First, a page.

Burrata is a slice of heaven on earth.
It's available in many places, but it's virtually impossible to get the really good and fresh stuff in Asia. And if there's one food thing that really rocks my world, this is it.
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MELTY IN THE MOUTH
The best I've ever tasted came from a farm just outside Napoli, with a small retail outlet on the roadside nearby.
That was literally freshly made from a few hours ago, and it was soft, dripping with goodness and just gooey and melty in the mouth.
We were on our way by car to the Amalfi Coast from Napoli, and we'd stopped at this roadside farm stand, bought a package of burrata each. We simply drizzled it with the best olive oil possible in those parts, and the sprinkled it with sea salt.
That alone is worth another trip to Amalfi.
MY BEST BURRATA LAST YEAR
|My Italian meal at the Four Seasons Hotel in Prague|
began with a plate of oysters and this wonderful burrata.
In recent memory, the best I've tasted has been over an Italian meal at the Four Seasons Prague.
I'd seen it on the menu so I'd ordered it.
It was as close to that Napoli burrata as I could imagine. I ordered two servings for myself and spirinkled it with olive oil and salt, and I was literally in foodie heaven.
I don't think I spoke for 30 minutes as I wanted to concentrate and remember everything about this wonderful burrata.
LOGISTICS IS EVERYTHING
How could the Four Seasons Hotel in Prague get such a wonderful burrata, you may be asking.
I'm sure they have their choice suppliers. But logistics also played a part. It matters very much whether air freight is involved in any way, as every minute on a plane changes that burrata in some way, IMHO.
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In Tokyo, and in Hong Kong perhaps, upmarket food stores will sell "fresh burrata."
But for a purist like me, a burrata that's been air freighted for 24 hours isn't that fresh anymore. It's still good, but you can tell that something has changed it forever because the consistency is chewy rather than melty, and lots of that oozing liquid has dried up.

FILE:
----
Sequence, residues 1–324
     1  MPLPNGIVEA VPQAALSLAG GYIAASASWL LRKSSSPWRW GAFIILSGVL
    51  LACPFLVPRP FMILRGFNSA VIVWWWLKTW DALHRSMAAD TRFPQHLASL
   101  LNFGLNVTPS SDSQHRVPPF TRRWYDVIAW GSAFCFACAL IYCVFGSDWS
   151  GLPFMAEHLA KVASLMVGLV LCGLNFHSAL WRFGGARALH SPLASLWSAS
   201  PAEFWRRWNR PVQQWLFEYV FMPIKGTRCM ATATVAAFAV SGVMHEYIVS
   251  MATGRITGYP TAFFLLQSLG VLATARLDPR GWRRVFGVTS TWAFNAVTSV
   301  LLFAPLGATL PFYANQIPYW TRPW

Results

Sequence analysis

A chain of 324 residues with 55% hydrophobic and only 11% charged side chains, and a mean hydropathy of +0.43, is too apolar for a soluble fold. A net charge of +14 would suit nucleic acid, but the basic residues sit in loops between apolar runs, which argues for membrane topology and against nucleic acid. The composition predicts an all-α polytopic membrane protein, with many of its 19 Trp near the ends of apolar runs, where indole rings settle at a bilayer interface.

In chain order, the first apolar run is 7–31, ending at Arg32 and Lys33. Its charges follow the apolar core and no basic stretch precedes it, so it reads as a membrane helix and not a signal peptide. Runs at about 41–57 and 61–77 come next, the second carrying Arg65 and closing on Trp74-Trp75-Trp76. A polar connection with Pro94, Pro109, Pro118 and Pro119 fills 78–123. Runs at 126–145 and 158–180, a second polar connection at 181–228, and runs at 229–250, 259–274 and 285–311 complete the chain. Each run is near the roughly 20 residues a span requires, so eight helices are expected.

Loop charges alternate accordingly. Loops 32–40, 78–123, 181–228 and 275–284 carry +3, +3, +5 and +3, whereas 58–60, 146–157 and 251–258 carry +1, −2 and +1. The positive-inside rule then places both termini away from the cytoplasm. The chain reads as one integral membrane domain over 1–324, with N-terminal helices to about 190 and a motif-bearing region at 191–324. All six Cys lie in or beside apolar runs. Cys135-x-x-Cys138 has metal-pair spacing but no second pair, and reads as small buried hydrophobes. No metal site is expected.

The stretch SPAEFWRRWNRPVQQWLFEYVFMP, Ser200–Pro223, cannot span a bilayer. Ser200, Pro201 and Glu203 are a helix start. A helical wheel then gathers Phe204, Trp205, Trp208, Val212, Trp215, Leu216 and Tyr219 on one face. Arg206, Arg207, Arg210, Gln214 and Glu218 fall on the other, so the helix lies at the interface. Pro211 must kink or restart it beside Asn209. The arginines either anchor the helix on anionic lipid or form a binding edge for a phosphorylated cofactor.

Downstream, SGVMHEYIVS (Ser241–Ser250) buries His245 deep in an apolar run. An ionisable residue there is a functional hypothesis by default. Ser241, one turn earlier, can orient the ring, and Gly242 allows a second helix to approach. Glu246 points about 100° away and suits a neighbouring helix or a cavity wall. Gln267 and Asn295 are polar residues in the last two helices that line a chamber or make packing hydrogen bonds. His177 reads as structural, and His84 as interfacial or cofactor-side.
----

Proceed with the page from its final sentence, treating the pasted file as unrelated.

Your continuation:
Still, better than nothing. So when I see one of good quality at a store in Tokyo, I usually buy it.
THE BURRATA LAST WEEKEND
Over last weekend, in Tokyo living a Travelife, I saw a "fresh burrata" in the expat supermarket.
I knew that it could never be as good as the ones "fresh off the farm" or at most "fresh off the truck" in Italy, and certain places in Europe.
But I bought it anyway, knowing this was as fresh as it was going to get in Asia.
MY VERSION OF THE BURRATA
Yesterday, this was what I did with it. It's quite the usual way, but it's what I do anyway.
|This is still the Four Seasons Prague burrata...|
1) First I brought the burrata down to room temperature.
2) Then I drizzled the best extra virgin olive oil I could find.
Quality does matter here, and artisanal olive oil of the highest quality is really worlds apart from commercial kinds.
3) Then I added a dash of pepper, and sprinkled freshly crushed sea salt on it.
There are all kinds of good sea salt, but I personally like the rock-type sea salt from Camargue, in France, which I then put in a salt mill and grind.
4) I served this on a bed of a mixture of Italian basil leaves, chopped up Italian vine tomatoes and fruit tomatoes.
Again, I'm not sure how many places sell fresh vine tomatoes and fruit tomatoes from Italy in Asia. In Tokyo, however, you can buy these at the expat supermarkets sometimes.
On the side, I served this with some real French bread that's just been heated slightly.
People don't usually heat French bread in France, but I find I like it this way, especially with burrata.
REAL FRENCH BREAD IN TOKYO
And again, we're rather spoiled in Tokyo.
Here you can really get bread from France, or bread baked in a boulangerie in Tokyo that uses only French flour, French salt and French butter. So the latter is almost better than the bread flown in from France.
I get my "real French bread" that's made in Tokyo from the Viron Boulangerie in Shibuya.
So there you have it. My own version of a little piece of heaven in a never-ending, and never-endingly eventful Travelife.
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